Trashed church on Lesvos becomes toilet for illegal immigrants

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The Saint Catherine Church in the small town of Moria on Lesvos, is now being used as a bathroom.

A local in Moria described the scene.

"The smell inside is unbearable," said Makis Pavlellis, a butcher. "Discussing with people about the Church, we learned that the metropolitan of Mytilene is aware of the situation in the area nevertheless he does not wish to deal with it for his own reasons."

Only earlier this month Greek City Times reported that the Saint Catherine church in Moria was already trashed by illegal immigrants.

This is only the latest incident and rather it has become extremely common for Greek Orthodox Churches to be vandalised and attacked by illegal immigrants on Lesvos.

Last month, the main entrance to the Saint Raphael church close to the Moria migrant camp was attacked too, as reported by Greek City Times.

This latest incident on Lesvos follows other recent shocking events, including two gangs of Afghani immigrants battling each other, African immigrants ridiculing and coughing on police in the midst of the coronavirus pandemic, and thousands of olives trees being destroyed.

About half of the 50,000 illegal immigrants on Lesvos are kept at the Moria camp that is supposed to host only 3,000 people. A rise in criminality has hit the island since the migrant crisis began in 2015 when Turkey allowed hundreds of thousands of people to leave and enter Greece illegally, whether via land or sea.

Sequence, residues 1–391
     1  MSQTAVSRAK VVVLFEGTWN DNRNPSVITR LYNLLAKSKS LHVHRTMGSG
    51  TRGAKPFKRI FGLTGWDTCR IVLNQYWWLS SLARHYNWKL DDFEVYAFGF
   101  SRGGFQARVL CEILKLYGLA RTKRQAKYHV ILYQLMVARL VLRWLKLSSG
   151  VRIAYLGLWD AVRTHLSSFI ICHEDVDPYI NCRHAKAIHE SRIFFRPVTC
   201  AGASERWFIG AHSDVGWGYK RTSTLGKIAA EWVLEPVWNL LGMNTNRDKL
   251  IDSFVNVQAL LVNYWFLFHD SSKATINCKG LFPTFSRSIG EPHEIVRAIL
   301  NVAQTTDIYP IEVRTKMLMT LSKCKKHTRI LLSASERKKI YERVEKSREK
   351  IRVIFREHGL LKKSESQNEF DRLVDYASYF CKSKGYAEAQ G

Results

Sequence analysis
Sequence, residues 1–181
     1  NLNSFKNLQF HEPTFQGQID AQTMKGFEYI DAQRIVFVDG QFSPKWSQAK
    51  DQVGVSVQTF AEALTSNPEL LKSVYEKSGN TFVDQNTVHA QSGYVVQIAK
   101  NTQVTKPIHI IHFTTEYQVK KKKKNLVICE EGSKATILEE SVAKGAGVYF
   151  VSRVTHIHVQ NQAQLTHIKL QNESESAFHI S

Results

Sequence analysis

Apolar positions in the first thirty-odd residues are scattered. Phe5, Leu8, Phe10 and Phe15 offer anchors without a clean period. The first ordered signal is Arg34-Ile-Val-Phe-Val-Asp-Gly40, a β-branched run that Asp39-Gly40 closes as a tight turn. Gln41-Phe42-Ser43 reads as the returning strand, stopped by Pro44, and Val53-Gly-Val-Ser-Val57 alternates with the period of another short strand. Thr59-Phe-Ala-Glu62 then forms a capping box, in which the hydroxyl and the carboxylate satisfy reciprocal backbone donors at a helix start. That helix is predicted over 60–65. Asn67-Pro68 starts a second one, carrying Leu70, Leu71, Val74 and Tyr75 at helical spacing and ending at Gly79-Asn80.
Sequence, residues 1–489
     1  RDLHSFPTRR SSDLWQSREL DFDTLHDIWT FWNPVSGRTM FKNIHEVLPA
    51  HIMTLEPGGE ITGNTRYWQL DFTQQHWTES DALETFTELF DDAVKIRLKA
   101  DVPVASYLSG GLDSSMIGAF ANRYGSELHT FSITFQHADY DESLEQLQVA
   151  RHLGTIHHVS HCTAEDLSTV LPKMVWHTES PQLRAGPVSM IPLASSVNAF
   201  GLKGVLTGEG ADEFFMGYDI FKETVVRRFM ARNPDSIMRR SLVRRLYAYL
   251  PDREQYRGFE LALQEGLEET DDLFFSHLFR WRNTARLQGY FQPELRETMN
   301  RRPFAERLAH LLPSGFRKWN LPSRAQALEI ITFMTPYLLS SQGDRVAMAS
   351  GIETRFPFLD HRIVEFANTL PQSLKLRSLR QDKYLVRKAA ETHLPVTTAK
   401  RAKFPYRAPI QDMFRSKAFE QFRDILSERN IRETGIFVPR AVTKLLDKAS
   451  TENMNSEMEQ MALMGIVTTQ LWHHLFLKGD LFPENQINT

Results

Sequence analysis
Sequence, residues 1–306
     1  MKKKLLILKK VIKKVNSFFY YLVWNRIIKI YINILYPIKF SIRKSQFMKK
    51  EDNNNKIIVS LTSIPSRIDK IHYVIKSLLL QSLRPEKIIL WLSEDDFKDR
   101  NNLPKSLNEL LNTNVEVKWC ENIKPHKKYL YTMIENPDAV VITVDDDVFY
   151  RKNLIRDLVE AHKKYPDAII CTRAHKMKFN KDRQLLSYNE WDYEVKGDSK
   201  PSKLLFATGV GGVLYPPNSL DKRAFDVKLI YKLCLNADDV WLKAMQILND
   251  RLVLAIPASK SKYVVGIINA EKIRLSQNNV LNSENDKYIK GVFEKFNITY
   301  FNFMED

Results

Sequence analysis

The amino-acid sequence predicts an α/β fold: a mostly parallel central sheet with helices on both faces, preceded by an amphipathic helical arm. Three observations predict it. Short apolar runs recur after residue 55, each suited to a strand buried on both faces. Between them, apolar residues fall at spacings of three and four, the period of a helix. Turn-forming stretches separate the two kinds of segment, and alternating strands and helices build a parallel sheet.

Lesvos, as an island of only 90,000 citizens, has been one of the most hardest hit areas of Greece.

As a deeply religious society, these attacks on churches are shocking to the Greek people and calls to question whether these illegal immigrants seeking a new life in Europe are willing to integrate and conform to the norms and values of their new countries.

These continued attacks has ultimately seen the people of Lesvos, who were nominated for the Nobel Peace Prize in 2016, become increasingly frustrated by the unresolved situation that has restricted and changed their lives as they no longer feel safe on their once near crime-free island.

Meanwhile, Hungary has contributed $30,000 to assist in the restoration of Lesvian churches destroyed by illegal immigrants, as reported by Greek City Times.